Check an­gles of cor­ner site

Herald Sun - Property - - OPINION - AN­DREW WIN­TER An­drew Win­ter hosts Sell­ing Houses Aus­tralia on Life­style

IT’S the prized block of the street, or a chance to cre­ate a lit­tle hous­ing grandeur per­haps? Dou­ble street frontage can make the small­est block look im­pres­sive and will ap­peal to those who rel­ish any chance to re­duce the num­ber of im­me­di­ate neigh­bours with shared bound­aries.

It could even be the hot buy for the fu­ture — all you have to do is wait for the po­ten­tial re­zon­ing al­low­ing de­vel­op­ment and then reap the re­wards.

So surely in any street, you should choose a cor­ner block over a nor­mal block when avail­able. Or should you?

Re­cently I’ve been in­volved with sell­ing an im­pres­sive pe­riod home with a clas­sic and beau­ti­fully pre­served fa­cade on a cor­ner block.

There are many is­sues as to why the home is strug­gling to at­tract a buyer, but our ven­dors never con­sid­ered that the cor­ner block, on the junc­tion of two mod­er­ately busy streets, could be con­sid­ered a neg­a­tive by buy­ers. Yet, it was ac­tu­ally caus­ing some buy­ers con­cern.

The prob­lem with a cor­ner block is it can be per­ceived by some to have what I gen­er­ally re­fer to as a “fixed neg­a­tive” — no amount of de­sign cre­ativ­ity, ex­tra cush­ions or think­ing out­side not just a com­mon old box but a mas­sive great ship­ping con­tainer can change this el­e­ment.

So if you’re buy­ing or sell­ing a cor­ner block home, here are five pros and cons to con­sider.

THE PROS

De­vel­op­ment

po­ten­tial: Buy if you think your re­search and lo­cal knowl­edge sug­gests fu­ture re­zon­ing op­por­tu­ni­ties, as the cor­ner block with its ex­tended street frontage of­fers eas­ier higher den­sity op­tions and of­ten a bet­ter chance of a suc­cess­ful vi­able de­vel­op­ment scheme. If it al­ready has plan­ning ap­proval you might be pay­ing for that and you need to un­der­take those cal­cu­la­tions care­fully.

Ad­di­tional ac­cess point: It will be prac­ti­cal for car­a­vans or boats, have ex­tra park­ing/ garage pos­si­bil­i­ties, as you have of­ten two or three times more ac­tual street frontage than a con­ven­tional block.

Fewer neigh­bours: Yes, a whole side of your block will only have peo­ple pass­ing by briefly, not peo­ple liv­ing one or two me­tres away from the fence. Many house­holds em­brace that fea­ture.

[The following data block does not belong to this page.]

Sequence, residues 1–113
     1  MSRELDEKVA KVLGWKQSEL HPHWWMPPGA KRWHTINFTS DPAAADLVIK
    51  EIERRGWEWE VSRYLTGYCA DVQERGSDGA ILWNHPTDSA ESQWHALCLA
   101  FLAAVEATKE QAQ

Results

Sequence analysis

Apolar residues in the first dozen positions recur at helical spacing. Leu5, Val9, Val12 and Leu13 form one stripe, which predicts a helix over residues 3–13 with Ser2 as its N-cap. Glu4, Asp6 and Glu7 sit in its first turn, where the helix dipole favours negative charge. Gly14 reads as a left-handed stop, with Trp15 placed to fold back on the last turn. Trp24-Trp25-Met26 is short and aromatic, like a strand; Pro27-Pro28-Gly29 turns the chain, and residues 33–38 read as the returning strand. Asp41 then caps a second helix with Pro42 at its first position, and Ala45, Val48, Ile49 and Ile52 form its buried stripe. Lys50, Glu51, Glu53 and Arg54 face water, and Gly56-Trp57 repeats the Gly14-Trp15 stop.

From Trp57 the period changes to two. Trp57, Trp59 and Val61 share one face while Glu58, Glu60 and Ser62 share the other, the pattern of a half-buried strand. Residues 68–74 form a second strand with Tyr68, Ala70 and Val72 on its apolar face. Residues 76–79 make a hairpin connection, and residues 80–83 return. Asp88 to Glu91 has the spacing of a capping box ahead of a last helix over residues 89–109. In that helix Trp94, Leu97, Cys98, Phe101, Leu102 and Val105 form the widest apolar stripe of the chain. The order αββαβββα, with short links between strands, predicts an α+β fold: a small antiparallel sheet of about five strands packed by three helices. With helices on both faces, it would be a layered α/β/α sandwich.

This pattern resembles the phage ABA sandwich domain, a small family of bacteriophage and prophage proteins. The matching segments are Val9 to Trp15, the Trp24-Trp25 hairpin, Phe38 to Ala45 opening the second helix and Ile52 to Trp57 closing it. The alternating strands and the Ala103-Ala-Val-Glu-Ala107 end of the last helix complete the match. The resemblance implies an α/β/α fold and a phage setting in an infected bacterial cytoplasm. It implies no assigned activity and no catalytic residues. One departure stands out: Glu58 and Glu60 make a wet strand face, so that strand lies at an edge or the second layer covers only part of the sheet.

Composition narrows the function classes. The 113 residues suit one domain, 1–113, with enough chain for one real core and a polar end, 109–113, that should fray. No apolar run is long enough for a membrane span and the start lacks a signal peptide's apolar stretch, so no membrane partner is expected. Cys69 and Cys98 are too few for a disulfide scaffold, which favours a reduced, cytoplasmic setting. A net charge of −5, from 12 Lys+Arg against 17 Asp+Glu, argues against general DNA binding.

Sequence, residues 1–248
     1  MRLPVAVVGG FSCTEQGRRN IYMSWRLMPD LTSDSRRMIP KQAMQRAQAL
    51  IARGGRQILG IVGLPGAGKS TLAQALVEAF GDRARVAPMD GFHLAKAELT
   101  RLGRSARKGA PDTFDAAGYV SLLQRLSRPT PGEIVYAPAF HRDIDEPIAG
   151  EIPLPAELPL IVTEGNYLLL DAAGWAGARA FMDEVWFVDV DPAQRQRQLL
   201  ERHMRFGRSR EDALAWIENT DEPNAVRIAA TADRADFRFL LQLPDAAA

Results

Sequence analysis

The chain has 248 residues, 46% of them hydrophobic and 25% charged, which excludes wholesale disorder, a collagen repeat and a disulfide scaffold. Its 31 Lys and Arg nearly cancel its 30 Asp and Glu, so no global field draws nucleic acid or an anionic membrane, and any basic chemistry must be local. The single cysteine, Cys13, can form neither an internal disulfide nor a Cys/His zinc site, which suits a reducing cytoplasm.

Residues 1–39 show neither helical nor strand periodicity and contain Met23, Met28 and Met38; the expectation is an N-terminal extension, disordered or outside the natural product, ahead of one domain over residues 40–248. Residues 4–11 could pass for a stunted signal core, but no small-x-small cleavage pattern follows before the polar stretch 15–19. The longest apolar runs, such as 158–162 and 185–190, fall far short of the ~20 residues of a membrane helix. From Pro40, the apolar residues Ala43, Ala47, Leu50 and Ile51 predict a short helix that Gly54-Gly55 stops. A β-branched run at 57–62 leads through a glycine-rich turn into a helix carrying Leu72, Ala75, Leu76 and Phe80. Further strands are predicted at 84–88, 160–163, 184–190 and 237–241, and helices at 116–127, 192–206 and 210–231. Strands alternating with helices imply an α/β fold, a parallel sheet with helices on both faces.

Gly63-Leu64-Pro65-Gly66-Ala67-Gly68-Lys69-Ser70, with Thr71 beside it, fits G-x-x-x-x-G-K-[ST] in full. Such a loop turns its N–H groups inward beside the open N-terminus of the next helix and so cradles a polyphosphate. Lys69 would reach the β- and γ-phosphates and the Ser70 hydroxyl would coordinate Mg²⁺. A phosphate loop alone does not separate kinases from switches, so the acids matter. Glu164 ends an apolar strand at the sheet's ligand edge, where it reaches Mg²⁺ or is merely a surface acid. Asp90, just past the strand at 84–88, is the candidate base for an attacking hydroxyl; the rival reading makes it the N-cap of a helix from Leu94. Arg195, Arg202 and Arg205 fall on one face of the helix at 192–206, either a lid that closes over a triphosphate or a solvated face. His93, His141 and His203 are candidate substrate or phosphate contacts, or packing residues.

An in­creased sense of space

and light: An­other dwelling is not loom­ing over your fence line. It not only might al­low

more sun­light but also per­haps enjoy an as­pect other homes in the street don’t have. • Po­ten­tial im­pres­sive street

pres­ence: How can I not in­clude po­ten­tial added kerb ap­peal? De­signed right, the cor­ner block home can look very im­pres­sive and that scale and drama can only ever be achieved with the cor­ner block in a street of typ­i­cal land sizes.

THE CONS

Vul­ner­a­bil­ity: For some that very prime cor­ner po­si­tion that de­lights oth­ers can cre­ate a feel­ing of be­ing rather ex­posed. It clearly de­pends on how busy the streets ac­tu­ally are, along with the type of lo­cal­ity. Con­sider the side bound­ary height. Is it

level with the street, or set higher or lower than your land it­self ?

• Se­cu­rity and pri­vacy: Th­ese are el­e­ments that buy­ers con­sid­er­ing cor­ner blocks give care­ful con­sid­er­a­tion to.

Added costs: That ex­tra fence line, that side el­e­va­tion of your home, can in­cur ad­di­tional costs such as added main­te­nance, fenc­ing or even land­scap­ing. So fac­tor in th­ese

ex­tra costs and, for sell­ers, if that bound­ary isn’t well main­tained, your po­ten­tial pur­chasers could be scared off.

Street noise on two sides:

Dis­tur­bance could be higher if one or both streets are thor­ough­fares as op­posed to quiet cul-de-sacs. On a busier road your gar­den ar­eas gen­er­ally are to the rear and that en­ter­tain­ing/re­lax­ing space is shel­tered from most street dis­tur­bance by your house and the neigh­bours. On a cor­ner it is not.

Cost: On many oc­ca­sions the cor­ner block might be the more ex­pen­sive op­tion and that makes per­fect sense if it has some form of gen­uine added value to you — whether that’s fu­ture de­vel­op­ment po­ten­tial, a life­style choice or just be­cause you like it.

The most im­por­tant fac­tor is en­sur­ing this block type suits not only your needs, but those of as many buy­ers as pos­si­ble in the fu­ture. If you’re sell­ing, re­mem­ber the cor­ner block is not al­ways, for ev­ery­one, the best block in the street.

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